5
\$\begingroup\$

Here's the code

max="$1"
date
echo "url: $2
rate: $max calls / second"
START=$(date +%s);

get () {
  curl -s -v "$1" 2>&1 | tr '\r\n' '\\n' | awk -v date="$(date +'%r')" '{print $0"\n-----", date}' >> /tmp/perf-test.log
}

while true
do
  echo $(($(date +%s) - START)) | awk '{print int($1/60)":"int($1%60)}'
  sleep 1

  for i in `seq 1 $max`
  do
    get $2 &
  done
done

This can be run as

sh load-test.sh 20 "http://api.myserver.com/get_info"

Please suggest if you think there's a way to take in multiple curl options.

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1 Answer 1

5
\$\begingroup\$

Arithmetics in Bash

You're doing some math in Bash, some in Awk, some in a combination of both. You can do all of that in Bash alone. Most notably, instead of this:

echo $(($(date +%s) - START)) | awk '{print int($1/60)":"int($1%60)}'

This would be equivalent, but all in Bash, without additional processes:

((delta = $(date +%s) - START))
((minutes = delta / 60))
((seconds = delta % 60))
echo $minutes:$seconds

Don't use seq

seq is not portable, I suggest to avoid it. Instead of this:

 for i in `seq 1 $max`; do ...; done

You can write:

for ((i = 1; i < max; i++)); do ...; done

Don't use `...`

This syntax is obsolete today, always use $(...) instead.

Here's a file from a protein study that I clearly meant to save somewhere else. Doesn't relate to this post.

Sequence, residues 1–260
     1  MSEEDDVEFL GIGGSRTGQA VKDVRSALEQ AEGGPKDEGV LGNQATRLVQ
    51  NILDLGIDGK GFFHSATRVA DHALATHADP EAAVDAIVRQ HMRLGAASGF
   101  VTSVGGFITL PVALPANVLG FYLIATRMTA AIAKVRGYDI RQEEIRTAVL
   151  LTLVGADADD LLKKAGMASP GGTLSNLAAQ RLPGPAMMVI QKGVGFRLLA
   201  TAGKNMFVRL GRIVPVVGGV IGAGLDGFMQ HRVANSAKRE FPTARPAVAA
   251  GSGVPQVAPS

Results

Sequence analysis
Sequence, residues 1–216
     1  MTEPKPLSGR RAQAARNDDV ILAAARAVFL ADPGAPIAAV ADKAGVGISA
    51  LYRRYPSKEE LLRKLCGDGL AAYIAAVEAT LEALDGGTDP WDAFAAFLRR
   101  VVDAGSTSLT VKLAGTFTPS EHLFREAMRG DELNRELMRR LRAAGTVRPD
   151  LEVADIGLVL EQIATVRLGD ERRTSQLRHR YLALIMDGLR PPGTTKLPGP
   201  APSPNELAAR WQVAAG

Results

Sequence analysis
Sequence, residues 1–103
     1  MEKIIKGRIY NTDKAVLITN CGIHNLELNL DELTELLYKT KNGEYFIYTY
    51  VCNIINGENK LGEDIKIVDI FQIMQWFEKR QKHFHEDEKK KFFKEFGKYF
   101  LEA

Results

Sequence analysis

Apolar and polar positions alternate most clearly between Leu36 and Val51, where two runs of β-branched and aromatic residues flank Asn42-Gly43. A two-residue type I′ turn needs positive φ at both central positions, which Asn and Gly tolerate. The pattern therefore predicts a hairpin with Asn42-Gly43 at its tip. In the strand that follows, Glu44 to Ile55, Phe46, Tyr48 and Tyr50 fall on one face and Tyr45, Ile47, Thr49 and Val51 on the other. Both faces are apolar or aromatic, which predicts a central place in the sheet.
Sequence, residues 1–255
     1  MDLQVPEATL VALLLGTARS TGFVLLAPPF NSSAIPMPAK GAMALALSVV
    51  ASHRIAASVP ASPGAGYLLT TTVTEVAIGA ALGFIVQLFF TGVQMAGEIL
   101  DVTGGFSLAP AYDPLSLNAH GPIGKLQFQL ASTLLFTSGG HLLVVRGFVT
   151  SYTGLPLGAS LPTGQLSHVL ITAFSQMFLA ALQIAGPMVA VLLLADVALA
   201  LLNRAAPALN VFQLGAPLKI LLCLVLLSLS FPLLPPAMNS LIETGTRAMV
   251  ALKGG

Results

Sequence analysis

Other minor things

This would be clearer as two echo lines, or a here-document with cat <<EOF:

echo "url: $2
rate: $max calls / second"

The trailing semicolon is unnecessary:

START=$(date +%s);

The quoting is unnecessary in date +'%r', but it does no harm.

\$\endgroup\$
6
  • \$\begingroup\$ seq is very common in Linux these days. \$\endgroup\$
    – chicks
    Mar 4, 2016 at 15:40
  • \$\begingroup\$ I prefer my scripts to run everywhere \$\endgroup\$
    – janos
    Mar 4, 2016 at 16:05
  • \$\begingroup\$ Every comment you made is valid, I over-looked them. Any word on the loooong curl command. It itches me but i couldn't do much. \$\endgroup\$ Mar 6, 2016 at 19:36
  • \$\begingroup\$ @bigΩmega well, I'm wondering if you need the tr at all. I think you can simply drop that from the pipeline but I'm not sure. You can give that a try. \$\endgroup\$
    – janos
    Mar 6, 2016 at 20:05
  • \$\begingroup\$ @janos So without that tr i only get the first line out of the pipe \$\endgroup\$ Mar 7, 2016 at 6:31

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